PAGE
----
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As we transition into the chillier months ahead, many of us will be looking to embrace blowouts, making the search to find the best hair dryer all the more relevant. 
No one is more surprised by this wholehearted recommendation than me. I initially started testing the RevAir with extreme skepticism and disdain, fully expecting to use it and dismiss it instantly, thus relegating it to the already crowded Competition section of Wirecutter’s hair dryers guide.
For people with Type 3 or 4 curl patterns especially, this vacuum-like device is gentle on fragile strands and can cut down total drying time significantly. One tester, who usually requires two back-to-back appointments with a professional stylist at Drybar, now achieves similar drying and smoothing results in as little as 20 minutes.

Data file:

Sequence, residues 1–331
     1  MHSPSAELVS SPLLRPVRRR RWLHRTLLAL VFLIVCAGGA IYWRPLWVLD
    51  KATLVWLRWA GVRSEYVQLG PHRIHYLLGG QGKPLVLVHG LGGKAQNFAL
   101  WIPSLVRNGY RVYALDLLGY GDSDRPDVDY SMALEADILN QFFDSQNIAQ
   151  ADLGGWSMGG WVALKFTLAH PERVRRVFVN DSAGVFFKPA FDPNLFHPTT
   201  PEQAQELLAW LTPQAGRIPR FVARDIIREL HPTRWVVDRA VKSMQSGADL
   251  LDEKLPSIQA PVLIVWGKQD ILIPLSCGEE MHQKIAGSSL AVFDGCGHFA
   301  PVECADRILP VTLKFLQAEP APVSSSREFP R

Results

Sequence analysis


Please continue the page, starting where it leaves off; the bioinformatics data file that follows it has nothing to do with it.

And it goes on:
These particular tools are not your average hair gadgets as they are the type of big-ticket items that professional hairstylists and men in the dog house are likely to buy. But if you do your own hair and you’re dedicated to the process, you’ll want only the best of the best. But are these tools the best?

With a spouse who has long, naturally curly tresses, Scott Thomason sees the struggle some women endure blow drying and flat ironing their hair into a silky, tamed finish.

Nowadays, Tami dries her hair in less than 10 minutes with one hand, no accompanying brush needed, and flat ironing is optional. Why the drastic change?

As cumbersome and intimidating as this contraption might look, this "reverse air" dryer presents a genius solution for saving you from damaging heat-styling. You place your hair inside the tube, and water gets pulled away—the before and afters, showing even very curly hair slicked straight, are extremely impressive.


Blowdryers have gotten faster, stronger, and smarter over the years, but they’ve always relied on hot air to get the job done. RevAir ($399; is different.